Despite concerns expressed by Board of Finance members recently, the new $6.8 million Levitt Pavilion for the Performing Arts is expected to be completed on schedule and within budget, according to those overseeing the project.
"We are confident that the amount on deposit with the town is enough to cover the entire cost of the project," said Stuart McCarthy, the town's parks and recreation department director, in a conference call Friday that included Levitt principals Carleigh and Freda Welsh.
McCarthy, who is serving as overall project manager for the construction, recently requested $249,587 in contingency money from the finance board. That money, which was set aside by the Levitt Pavilion, was needed because of a major, unexpected cost involving "driving piles" into the ground, said McCarthy, who also represents the town on the Levitt Pavilion building committee.
While pre-construction tests said the pilings would need to be driven only 35 to 40 feet into the ground, they actually needed to be driven down 80 feet. The overrun cost was about $240,000. But McCarthy, at that time, told the finance board savings have been found "in other places."
McCarthy was also asked by finance board members about construction progress. "Where is the project," asked member Michael Rea. "Are you half-way done?"
McCarthy, at that time, said the project is "just short of half-way done," adding it was about "a third of the way" complete.
Friday, he said: "We are several months into the construction and on schedule to be completed in the spring -- some time in May."
"We are out of the ground and that's where you get all the surprises," he said, referring to the pilings.
Board member Janis Collins asked McCarthy if he anticipates any more "unforeseen problems."
"Unforeseen problems are just that," McCarthy responded, adding he wasn't aware of any unexpected problems.
At one point in the meeting, First Selectman Jim Marpe made his way to the podium, telling the finance board that construction of the new pavilion has taken up a significant portion of his time since he took office in November. He said he had gotten a written commitment from the Friends of the Levitt Pavilion that the project is on target for completion.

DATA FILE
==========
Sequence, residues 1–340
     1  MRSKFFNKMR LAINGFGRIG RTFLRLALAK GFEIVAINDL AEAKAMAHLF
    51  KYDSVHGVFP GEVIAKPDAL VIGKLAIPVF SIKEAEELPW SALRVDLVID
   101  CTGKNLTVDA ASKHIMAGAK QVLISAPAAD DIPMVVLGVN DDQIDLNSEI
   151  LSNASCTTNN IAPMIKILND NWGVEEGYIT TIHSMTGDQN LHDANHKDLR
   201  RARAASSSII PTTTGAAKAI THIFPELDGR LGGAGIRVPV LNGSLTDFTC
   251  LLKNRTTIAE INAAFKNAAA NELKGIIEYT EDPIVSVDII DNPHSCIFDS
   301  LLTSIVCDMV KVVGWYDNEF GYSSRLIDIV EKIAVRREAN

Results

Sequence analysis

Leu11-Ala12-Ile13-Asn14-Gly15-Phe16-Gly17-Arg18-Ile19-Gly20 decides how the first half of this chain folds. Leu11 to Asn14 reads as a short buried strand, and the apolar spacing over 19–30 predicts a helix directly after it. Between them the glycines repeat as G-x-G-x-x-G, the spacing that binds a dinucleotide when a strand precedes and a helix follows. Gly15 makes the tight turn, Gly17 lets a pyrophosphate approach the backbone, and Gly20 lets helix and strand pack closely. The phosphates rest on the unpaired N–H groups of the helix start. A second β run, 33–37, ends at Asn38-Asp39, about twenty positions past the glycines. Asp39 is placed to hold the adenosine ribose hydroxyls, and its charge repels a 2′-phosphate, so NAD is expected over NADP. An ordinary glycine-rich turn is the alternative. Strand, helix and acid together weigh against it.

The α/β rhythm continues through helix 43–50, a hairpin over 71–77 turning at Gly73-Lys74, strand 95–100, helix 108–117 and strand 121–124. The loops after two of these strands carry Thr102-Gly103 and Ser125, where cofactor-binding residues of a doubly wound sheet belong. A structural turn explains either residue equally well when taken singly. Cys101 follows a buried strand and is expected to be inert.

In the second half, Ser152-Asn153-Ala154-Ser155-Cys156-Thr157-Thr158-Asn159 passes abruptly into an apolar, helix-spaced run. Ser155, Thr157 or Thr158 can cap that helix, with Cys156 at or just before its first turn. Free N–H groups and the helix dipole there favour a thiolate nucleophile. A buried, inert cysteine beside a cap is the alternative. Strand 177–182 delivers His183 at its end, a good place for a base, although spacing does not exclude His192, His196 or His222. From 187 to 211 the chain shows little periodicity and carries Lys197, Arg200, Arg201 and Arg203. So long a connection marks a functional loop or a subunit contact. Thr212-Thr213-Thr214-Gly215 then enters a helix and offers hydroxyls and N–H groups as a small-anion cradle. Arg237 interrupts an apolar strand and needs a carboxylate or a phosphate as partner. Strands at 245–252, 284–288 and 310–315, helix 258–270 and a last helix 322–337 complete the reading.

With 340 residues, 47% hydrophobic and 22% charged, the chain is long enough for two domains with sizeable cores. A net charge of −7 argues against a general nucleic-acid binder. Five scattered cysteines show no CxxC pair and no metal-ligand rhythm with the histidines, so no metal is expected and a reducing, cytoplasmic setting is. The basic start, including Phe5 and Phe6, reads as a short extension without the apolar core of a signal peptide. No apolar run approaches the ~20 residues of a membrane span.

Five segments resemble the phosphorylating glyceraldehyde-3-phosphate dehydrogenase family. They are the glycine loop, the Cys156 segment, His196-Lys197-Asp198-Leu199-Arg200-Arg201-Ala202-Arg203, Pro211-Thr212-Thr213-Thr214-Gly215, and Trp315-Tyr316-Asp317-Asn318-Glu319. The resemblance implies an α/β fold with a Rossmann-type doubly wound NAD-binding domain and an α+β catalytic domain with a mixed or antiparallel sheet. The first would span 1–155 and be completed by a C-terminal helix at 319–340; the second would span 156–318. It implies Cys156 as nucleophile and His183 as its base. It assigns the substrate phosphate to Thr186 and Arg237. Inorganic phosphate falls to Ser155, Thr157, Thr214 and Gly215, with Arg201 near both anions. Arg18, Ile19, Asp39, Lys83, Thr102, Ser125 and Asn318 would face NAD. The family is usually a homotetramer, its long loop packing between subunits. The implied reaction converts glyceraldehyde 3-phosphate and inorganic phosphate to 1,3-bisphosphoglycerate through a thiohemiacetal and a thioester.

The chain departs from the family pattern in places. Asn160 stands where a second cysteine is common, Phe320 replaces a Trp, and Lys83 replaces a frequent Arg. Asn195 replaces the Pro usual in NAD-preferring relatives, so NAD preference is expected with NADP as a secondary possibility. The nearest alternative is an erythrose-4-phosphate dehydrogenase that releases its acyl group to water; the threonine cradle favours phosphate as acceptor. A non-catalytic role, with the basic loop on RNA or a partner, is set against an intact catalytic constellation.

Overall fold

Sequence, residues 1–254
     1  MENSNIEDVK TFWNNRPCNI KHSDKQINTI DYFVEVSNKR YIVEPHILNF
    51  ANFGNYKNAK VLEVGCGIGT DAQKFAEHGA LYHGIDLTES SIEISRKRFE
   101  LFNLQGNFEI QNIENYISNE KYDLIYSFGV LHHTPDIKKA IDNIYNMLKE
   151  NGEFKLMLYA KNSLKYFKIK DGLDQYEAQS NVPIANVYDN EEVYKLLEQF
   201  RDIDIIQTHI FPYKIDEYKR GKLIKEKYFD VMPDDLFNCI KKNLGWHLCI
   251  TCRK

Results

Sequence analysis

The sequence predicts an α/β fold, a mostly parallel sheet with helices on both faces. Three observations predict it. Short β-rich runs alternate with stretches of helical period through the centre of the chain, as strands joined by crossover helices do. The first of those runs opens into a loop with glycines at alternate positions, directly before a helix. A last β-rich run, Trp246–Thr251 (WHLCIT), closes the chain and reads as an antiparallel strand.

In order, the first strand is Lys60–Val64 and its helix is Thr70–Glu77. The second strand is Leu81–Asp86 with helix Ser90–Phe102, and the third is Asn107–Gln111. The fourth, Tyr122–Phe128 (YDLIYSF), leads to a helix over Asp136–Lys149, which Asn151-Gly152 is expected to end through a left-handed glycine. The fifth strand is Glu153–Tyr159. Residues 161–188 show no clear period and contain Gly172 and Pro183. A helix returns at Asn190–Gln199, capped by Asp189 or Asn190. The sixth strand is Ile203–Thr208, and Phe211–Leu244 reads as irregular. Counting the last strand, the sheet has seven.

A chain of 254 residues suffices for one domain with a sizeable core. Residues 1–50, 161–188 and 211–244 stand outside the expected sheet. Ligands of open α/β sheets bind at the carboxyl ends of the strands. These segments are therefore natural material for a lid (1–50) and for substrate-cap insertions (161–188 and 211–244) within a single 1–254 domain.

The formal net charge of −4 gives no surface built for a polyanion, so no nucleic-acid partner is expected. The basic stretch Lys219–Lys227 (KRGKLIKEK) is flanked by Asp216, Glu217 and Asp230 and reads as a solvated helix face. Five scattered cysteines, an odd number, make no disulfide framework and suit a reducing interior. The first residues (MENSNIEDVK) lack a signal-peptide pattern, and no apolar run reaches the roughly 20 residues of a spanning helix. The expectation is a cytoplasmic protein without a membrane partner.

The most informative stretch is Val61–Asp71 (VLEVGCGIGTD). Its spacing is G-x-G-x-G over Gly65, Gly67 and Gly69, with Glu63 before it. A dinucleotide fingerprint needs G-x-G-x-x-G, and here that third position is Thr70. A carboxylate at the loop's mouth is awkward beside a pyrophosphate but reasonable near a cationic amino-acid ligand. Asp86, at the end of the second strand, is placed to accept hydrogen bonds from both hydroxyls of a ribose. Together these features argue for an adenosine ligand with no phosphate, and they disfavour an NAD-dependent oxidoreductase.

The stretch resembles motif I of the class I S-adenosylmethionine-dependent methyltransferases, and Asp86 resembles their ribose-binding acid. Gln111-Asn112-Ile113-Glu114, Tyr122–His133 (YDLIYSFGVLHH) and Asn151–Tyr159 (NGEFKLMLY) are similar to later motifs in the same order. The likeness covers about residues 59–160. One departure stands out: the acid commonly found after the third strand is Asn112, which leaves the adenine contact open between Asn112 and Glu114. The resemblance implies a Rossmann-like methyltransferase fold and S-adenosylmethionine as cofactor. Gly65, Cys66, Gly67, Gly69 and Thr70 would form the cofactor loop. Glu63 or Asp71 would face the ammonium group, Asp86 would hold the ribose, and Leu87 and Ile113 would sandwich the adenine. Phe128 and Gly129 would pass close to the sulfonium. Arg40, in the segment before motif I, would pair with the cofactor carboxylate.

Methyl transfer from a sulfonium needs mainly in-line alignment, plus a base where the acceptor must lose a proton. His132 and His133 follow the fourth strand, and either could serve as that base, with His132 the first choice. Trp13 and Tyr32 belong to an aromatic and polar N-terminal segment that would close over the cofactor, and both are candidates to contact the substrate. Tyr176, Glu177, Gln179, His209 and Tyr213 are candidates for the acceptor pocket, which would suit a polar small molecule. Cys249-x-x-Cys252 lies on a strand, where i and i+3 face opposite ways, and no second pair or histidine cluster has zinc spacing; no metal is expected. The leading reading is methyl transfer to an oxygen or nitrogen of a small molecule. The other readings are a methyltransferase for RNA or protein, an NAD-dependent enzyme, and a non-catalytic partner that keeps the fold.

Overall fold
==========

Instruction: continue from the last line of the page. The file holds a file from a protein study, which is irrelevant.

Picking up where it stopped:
Nevertheless, he added, he intends to "keep my eye on it" and give a "lot of attention" to the project.
Friday, Marpe said "as far as I know, the project is on track to be completed late spring or early summer."
Meanwhile, a capital fundraising campaign by the Levitt Pavilion continues, Carleigh Welsh, Levitt's director of marketing and communication, said in the phone interview.
"Levitt has raised sufficient funds to complete the project," she said. But they will continue to fundraise for other reasons, including the "increased costs in operating" the new facility, expanding the programming offered and to "grow our endowment."
She said that, with construction of the new pavilion, they have "raised our own bar" and "taken a giant step forward."
Welsh said her mother, Freda Welsh, the Levitt Pavilion executive director, will begin booking acts for the summer season in January, adding they have already gotten submissions from performers. "My mother is always in the booking mode," she added.
The Levitt Pavilion for the Performing Arts has drawn thousands of people for an eclectic mix of outdoor entertainment each summer. A ceremonial groundbreaking took place in October on the new pavilion, located behind the Westport Library.
The new pavilion complex, designed by Westport-based architect Peter Cadoux, will include a stage under a tensile roof, a covered entry pavilion with restrooms, a food concession and hospitality terrace, a new lawn seating area and an extended riverwalk around the site.
To prepare for the new pavilion, the site's original bandshell was taken down in 2007 and replaced by a temporary stage.